The word 'Isometric' has its origins in Greek which is the case with many English words. It is derived from Greek word 'Isometros', of equal measure (the objects measured using a fixed unit). It is one of the most important outputs, if not the most important output of overall Piping effort. Isometric is a comprehensive document that holds information that is used by different people at varying stages of a project.
Purpose of Piping Isometrics:
The primary purposes of piping isometrics are enlisted below:
1. For preliminary Bulk Material Take Off (MTO)
2. For Stress Analysis
3. Issued For Construction
The level of isometric details may vary on the basis of their purpose.
Brief Overview of Practices:
Preparation of piping isometrics has seen the practices change as the tools for generating them have been and are changing. Before advent of computers from piping perspective, these sketches were prepared manually by skilled hands, which meant assiduous work on board. The arrival of computers (and Computer Aided Design), shifted most of this work from board to computers. The work was in 2-Dimensional view and still 2-D tools are used for small projects and for annotations in some cases. Now there are various 3-Dimensional design tools which are widely used to create the design. These tools have features that generate isometric, once the model is 'built'.
In today's world, the means of selection of the method for preparing the final isometrics (i.e. by hand / 2 - D / 3 - D), is driven by cost. However, every piping designer needs to know how to draw a proper manual piping isometric because the need for an isometric is often influenced by location or time. Location, sometimes a project is done in the field (at the jobsite) and is therefore all done manually. Time, for many of the "in the office" CAD based projects, the requirement for an early preliminary material take-off (Alloy, Large O.D., Lined pipe, Jacketed pipe, etc.) is before the electronic model is even started, means that piping designers must be able to draw manual isometric sketches.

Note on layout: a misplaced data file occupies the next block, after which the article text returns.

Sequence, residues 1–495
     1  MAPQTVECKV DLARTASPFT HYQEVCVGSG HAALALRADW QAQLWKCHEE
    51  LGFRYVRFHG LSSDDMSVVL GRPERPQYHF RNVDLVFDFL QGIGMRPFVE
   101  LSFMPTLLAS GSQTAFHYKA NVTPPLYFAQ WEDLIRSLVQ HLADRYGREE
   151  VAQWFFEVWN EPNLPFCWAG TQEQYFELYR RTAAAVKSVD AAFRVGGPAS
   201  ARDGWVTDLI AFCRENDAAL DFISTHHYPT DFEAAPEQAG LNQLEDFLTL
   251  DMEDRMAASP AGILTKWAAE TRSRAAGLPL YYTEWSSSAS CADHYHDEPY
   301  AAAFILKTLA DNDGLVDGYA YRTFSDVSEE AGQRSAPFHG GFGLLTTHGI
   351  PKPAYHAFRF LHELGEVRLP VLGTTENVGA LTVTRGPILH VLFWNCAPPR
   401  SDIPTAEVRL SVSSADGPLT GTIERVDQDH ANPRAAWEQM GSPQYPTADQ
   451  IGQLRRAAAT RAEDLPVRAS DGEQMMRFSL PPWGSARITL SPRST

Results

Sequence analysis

The minimum inputs for isometric sketching are:
1. Plot Plan
2. Process & Instrumentation Diagram (P & ID)
3. Mechanical Data Sheets (MDS)
In some of the cases, more detailed Piping Layout will be available.
Before getting into the details of the different requirements, it is imperative to identify and define the sections of a typical isometric sheet. The isometric arrangement may differ from company to company based as per internal standards. But, it will have following details on it typically as shown in schematic below.
Now let us look into the detailed break-up of the sections mentioned above.